Small Master Bath – Borrowed Space
By Chet Zebroski
While working on the American Clay installation in our soon to be Den/Guest Room, we discovered loose tiles in our Master Bathroom shower. There was no way around it, the Master Bathroom was to be our next excursion into transforming the style and use pattern of our humble ranch home.
Sarah Susanka has received notoriety for promoting the concept of living small in her book “The Not So Big House”. It’s an observation contrasting developed space, small versus large, focusing on what makes a home special. She puts forth that it’s not size so much that makes a place special, as it is it’s function, detailing, and relation to adjacent spaces. The main point being: invest money on details and relationships, not necessarily on square footage.
Her work and observations flowed perfectly into and beyond the training we received while working at JSW/D, coauthors of “A Pattern Language” (another book on the study of successful design patterns). JSW/D wrote a follow up to Pattern Language titled “Patterns of Home: The Ten Essentials of Enduring Design”. It’s a book focused on successful residential design patterns only. A link to the residential design patterns list can be accessed here.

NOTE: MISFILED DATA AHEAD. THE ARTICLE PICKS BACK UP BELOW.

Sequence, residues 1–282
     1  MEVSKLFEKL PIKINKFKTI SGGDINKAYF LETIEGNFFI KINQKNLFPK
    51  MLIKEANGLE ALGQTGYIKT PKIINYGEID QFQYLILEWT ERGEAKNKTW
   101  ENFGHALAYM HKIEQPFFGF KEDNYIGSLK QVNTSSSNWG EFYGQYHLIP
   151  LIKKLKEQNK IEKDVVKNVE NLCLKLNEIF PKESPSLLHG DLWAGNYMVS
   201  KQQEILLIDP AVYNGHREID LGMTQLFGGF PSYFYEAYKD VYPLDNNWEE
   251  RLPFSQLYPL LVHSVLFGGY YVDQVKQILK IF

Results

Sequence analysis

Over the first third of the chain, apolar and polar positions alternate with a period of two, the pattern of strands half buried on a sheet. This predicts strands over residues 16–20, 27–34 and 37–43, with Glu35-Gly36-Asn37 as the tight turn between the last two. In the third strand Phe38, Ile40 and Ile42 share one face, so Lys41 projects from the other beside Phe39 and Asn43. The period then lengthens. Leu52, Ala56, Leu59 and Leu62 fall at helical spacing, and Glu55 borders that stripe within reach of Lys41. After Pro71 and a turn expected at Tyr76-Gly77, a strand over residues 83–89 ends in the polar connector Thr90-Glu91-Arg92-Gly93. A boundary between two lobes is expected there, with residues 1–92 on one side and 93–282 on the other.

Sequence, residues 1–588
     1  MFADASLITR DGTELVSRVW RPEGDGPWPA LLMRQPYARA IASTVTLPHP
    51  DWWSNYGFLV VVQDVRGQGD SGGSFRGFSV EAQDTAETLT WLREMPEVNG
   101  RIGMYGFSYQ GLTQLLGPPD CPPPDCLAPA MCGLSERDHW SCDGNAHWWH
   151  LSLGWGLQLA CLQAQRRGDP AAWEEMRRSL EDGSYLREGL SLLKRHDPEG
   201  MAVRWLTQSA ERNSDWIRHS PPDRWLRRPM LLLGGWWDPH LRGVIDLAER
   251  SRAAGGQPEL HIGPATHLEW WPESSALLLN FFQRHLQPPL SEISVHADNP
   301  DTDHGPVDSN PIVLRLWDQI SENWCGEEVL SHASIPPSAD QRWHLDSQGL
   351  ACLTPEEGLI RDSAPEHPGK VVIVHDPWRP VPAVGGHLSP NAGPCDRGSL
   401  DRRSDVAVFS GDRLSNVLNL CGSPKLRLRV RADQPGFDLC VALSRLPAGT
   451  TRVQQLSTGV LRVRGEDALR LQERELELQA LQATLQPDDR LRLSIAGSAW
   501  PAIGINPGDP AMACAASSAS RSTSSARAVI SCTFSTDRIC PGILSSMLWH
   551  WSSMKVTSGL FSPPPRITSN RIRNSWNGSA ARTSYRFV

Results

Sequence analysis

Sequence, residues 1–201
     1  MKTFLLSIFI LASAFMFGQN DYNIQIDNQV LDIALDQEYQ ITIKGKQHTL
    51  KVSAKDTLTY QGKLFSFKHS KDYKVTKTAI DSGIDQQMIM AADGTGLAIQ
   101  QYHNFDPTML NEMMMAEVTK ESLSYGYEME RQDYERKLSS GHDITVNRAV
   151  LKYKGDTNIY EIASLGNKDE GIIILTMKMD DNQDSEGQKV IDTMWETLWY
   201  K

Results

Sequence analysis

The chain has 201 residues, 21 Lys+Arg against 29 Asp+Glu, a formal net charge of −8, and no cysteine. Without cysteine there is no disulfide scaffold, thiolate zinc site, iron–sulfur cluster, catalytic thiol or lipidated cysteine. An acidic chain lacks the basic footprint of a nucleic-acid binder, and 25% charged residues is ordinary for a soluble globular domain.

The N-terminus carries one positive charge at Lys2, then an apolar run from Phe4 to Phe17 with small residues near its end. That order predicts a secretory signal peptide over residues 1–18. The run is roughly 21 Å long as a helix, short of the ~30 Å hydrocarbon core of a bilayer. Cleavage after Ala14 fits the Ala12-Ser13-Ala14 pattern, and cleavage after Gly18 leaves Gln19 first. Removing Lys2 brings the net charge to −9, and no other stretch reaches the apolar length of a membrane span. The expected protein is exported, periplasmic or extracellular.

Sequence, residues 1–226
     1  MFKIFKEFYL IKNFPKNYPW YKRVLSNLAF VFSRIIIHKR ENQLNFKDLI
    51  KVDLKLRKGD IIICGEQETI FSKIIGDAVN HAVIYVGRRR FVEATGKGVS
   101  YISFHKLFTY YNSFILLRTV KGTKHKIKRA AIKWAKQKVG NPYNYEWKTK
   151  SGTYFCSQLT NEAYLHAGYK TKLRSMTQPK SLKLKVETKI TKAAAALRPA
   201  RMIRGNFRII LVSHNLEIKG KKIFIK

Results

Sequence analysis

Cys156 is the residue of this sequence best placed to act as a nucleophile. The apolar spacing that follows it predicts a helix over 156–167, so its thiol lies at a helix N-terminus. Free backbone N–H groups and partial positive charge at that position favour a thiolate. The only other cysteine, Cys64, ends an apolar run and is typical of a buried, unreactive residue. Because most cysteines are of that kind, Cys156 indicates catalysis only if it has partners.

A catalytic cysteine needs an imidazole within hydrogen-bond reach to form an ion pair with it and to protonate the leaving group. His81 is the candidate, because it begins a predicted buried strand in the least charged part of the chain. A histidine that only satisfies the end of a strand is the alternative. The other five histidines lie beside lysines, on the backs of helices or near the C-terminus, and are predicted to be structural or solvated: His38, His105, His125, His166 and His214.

Using these guides as a foundation for decisions, we saw an opportunity to improve our sense of space by enlarging the doorway into the bathroom and borrowing space from an adjacent closet and under the existing roof eave. This is an example of the tactic “borrowed space”. In one case, by enlarging the size of the door from 24″ to 64″ we gained a sense of space from the hall. In another, by extending into an adjacent closet and under the existing roof, we take advantage of those elements and evolve their function with a new use pattern for our daily activities.
This is the wake up room. The place where we spend time preparing to meet the day. In a small space such as our bathroom, we worked to minimize visual clutter to maximize a sense of tranquility. So, we took care to choose each detail carefully, assuring a pleasant space. Though the selection phase was slow and deliberate, the end result is that each and every element was chosen by us, with no exceptions. It was worth the effort in the end.
We got some positive press from Fine Homebuilding in their Fall/Winter 2007 issue when we completed this aspect of work. Here’s a copy of the article below in pdf form. (Reprinted with permission © 2007, The Taunton Press, Inc.)